On December 8, 1997, Ad Craft and Universal Outdoor jointly filed a response to a motion by Kenny Kent for summary judgment and a motion for partial summary judgment, in which it claimed that because the contested sign was erected in the vacated right-of-way, it was not constructed within the boundaries of the Metro subdivision and was therefore not subject to the height restrictions on the recorded plat.
On January 20, 1998, APC filed a combined motion for partial summary judgment and a response to Ad Craft and Universal Outdoor's motion for partial summary judgment, in which it argued alternatively that if Ad Craft had erected the sign on Outlot C, then the sign was in violation of the subdivision height restriction; if the sign was not located on Outlot C, then Ad Craft had erected the sign without a valid permit, which had been issued more than six months earlier for a sign to be constructed only on Outlot C. If the latter alternative were found to be true, APC advised the trial court that further adjudication would be necessary to determine whether APC was obligated either to grant Universal Outdoor's permit to erect a sign at 5700 Division Street or to “re-issue” a new permit to Ad Craft.
On February 23, 1998, Ad Craft and Universal Outdoor jointly filed a motion for leave to assert counterclaim and the proposed counterclaim. Ad Craft and Universal Outdoor filed a response to APC's motion for partial summary judgment on March 2, 1998, in which they argued that a genuine issue of material fact existed as to whether APC was estopped to challenge the legality of Ad Craft's permit; APC was alleged to have known “exactly where this sign was intended to be located and where it ultimately was constructed.” They also argued that APC had no standing to enforce the “private covenants and restrictions” of the Metro subdivision.
On March 5, 1998, APC filed an objection to Ad Craft and Universal Outdoor's motion for leave to assert counterclaim. APC filed a reply brief in support of its motion for partial summary judgment on March 11, 1998, in which it argued that Ad Craft and Universal Outdoor's claim of equitable estoppel was in fact a claim of laches, which APC claimed may never be asserted against a municipality enforcing its ordinances. APC also argued that the subdivision sign restriction was not a private covenant or restriction, but “a condition imposed upon all property in the subject subdivision at the time the subdivision plat was recorded by the APC.”
At a hearing on April 2, 1998, the trial court found the contested sign to have been “built improperly on [a] vacant portion of Outlot C, which was not owned by Guagenti at the time of application or at the time it was approved.” The trial court also ruled invalid Ad Craft's permit # 951518 and stayed all orders in effect until the defendants had “exhausted all appeals,” 10 which Ad Craft and Universal Outdoor initiated by filing a praecipe on May 4, 1998. On May 12, 1998, the trial court entered its order granting partial summary judgment, which reads in relevant part as follows:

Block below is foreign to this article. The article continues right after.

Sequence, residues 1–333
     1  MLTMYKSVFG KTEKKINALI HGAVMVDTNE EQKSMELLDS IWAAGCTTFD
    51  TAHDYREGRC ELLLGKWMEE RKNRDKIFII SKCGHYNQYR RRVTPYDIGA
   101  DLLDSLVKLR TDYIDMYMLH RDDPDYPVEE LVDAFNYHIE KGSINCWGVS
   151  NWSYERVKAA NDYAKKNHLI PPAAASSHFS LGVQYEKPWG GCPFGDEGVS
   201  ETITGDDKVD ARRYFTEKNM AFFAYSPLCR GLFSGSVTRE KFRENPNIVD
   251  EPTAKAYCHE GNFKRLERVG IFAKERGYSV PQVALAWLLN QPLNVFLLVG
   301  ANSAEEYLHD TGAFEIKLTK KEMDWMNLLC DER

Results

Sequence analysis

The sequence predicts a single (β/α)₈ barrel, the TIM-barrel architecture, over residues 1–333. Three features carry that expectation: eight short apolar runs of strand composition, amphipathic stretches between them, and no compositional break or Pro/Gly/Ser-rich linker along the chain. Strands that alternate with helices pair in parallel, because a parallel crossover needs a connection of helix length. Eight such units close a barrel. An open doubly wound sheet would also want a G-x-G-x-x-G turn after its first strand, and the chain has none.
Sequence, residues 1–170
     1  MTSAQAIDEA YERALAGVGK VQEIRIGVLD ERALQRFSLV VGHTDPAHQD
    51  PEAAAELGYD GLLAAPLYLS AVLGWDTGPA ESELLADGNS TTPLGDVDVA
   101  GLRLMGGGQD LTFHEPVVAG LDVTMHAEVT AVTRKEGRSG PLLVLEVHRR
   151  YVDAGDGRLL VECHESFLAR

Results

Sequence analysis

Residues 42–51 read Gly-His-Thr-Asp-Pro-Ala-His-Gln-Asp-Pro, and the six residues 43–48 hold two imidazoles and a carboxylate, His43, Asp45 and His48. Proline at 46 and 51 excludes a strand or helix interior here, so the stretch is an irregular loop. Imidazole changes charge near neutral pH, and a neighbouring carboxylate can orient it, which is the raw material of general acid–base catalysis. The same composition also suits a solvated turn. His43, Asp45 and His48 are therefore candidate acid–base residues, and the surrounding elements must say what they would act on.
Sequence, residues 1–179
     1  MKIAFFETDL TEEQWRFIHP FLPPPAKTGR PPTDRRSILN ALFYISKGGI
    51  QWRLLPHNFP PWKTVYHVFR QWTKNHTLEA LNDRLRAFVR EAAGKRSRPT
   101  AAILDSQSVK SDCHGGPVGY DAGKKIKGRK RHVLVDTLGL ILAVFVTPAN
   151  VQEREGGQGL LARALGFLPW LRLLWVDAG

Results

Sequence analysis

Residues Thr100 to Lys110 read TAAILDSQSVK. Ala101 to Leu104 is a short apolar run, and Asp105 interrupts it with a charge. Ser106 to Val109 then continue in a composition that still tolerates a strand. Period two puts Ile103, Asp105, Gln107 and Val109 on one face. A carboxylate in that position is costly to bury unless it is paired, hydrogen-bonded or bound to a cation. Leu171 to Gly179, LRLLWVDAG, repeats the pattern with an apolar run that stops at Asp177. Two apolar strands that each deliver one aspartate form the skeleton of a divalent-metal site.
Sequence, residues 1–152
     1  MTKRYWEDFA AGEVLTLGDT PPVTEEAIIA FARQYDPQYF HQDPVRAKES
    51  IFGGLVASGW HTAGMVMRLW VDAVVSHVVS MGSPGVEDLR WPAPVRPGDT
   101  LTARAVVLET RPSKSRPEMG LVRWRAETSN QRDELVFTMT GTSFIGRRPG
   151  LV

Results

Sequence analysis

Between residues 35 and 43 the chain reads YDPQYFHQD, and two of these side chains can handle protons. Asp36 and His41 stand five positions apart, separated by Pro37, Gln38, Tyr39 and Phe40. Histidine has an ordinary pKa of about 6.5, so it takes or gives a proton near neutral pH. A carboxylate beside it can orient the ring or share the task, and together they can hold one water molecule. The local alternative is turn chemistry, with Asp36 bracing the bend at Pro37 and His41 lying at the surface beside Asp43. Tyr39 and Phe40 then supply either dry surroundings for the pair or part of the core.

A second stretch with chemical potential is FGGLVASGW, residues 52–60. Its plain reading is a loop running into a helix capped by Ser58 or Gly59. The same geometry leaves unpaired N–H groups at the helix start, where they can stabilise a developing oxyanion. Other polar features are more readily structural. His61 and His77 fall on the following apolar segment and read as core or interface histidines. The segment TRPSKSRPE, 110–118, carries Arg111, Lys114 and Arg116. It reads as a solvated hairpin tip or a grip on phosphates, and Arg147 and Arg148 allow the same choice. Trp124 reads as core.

At a hearing on April 2, 1998, the Court granted [APC's] partial motion for summary judgment [sic ]. It is not proper for Ad-Craft [sic ] to argue that the vacated property adjoining Outlot C is Outlot C for the purposes of its permit, but not subject to the restrictions placed on the subdivision. To hold otherwise would be manifestly unfair to adjacent property owners. This is particularly true where, as here, the property where the sign was actually placed was not even part of Outlot C when the permit was granted. Accordingly, the Court found that permit number 951518 is null and void because, among other things, the sign was erected in the vacated right-of-way and not on Outlot C within six months of the issuance of the permit.11
Discussion and Decision
Before we address the merits of this case, we must express our vexation at the unwarranted complexity of the record presented for our review. In their amended praecipe, appellants requested the clerk of the Vanderburgh Superior Court to “prepare and certify a complete transcript of any and all pleadings and documents or related exhibits filed in this cause[,] to be used on appeal to the Indiana Court of Appeals.” (Emphasis supplied.) Two volumes totaling 368 pages were compiled pursuant to this request; however, both APC and Kenny Kent found it necessary to request additional “pleadings and papers filed in this cause,” and two supplemental volumes of the record were prepared. Ind. Appellate Rule 7.2(B) permits an appellant to “designate only those parts of the record to be transmitted to the court on appeal”; we cannot understand why appellants' request for “any and all pleadings and documents” was not followed to the letter.
I. Change of Venue from Vanderburgh County
Because APC is a party to the instant case and is an administrative body that operates jointly as a branch of both city and county government, appellants argue that Ad Craft was entitled to a change of venue under T.R. 76(A); appellants also assert that to the extent ind.Code § 36-7-4-1014 conflicts with T.R. 76, the trial rule must prevail. Because APC struck Gibson County from the list of counties submitted by the trial court, appellants argue that APC waived any objection to the grant of Ad Craft's motion for change of venue. APC insists that ind.Code § 36-7-4-1014(f) specifically prohibits a change of venue, and that the statute generally allows it to bring a zoning enforcement action in Vanderburgh County. Appellants characterize APC's complaint for declaratory judgment as a request for an advisory opinion and argue that APC failed “to follow certain administrative procedures” required by the municipal code before initiating legal action. APC counters that the municipal code does not preclude it from pursuing legal remedies to “resolve a controversy regarding the enforcement of a local zoning ordinance.”